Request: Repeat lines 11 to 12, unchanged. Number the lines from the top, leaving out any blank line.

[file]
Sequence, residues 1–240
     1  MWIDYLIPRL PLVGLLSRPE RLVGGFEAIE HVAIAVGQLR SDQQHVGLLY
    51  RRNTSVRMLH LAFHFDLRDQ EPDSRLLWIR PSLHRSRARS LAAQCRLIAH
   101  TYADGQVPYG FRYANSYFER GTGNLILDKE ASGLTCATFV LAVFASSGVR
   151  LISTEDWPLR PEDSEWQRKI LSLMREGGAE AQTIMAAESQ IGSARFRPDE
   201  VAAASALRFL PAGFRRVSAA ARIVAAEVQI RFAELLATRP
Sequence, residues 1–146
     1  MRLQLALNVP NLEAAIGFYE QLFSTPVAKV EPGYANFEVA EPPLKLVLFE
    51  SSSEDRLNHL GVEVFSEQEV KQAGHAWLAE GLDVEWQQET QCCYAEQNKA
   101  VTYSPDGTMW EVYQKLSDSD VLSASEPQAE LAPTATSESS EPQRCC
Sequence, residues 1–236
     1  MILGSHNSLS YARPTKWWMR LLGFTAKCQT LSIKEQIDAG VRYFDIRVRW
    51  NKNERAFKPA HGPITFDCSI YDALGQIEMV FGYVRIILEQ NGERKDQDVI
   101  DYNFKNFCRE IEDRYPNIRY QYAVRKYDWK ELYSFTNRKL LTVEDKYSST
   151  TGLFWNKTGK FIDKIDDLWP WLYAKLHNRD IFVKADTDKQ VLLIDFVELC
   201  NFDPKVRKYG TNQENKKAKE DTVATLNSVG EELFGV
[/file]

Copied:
Sequence, residues 1–236
     1  MILGSHNSLS YARPTKWWMR LLGFTAKCQT LSIKEQIDAG VRYFDIRVRW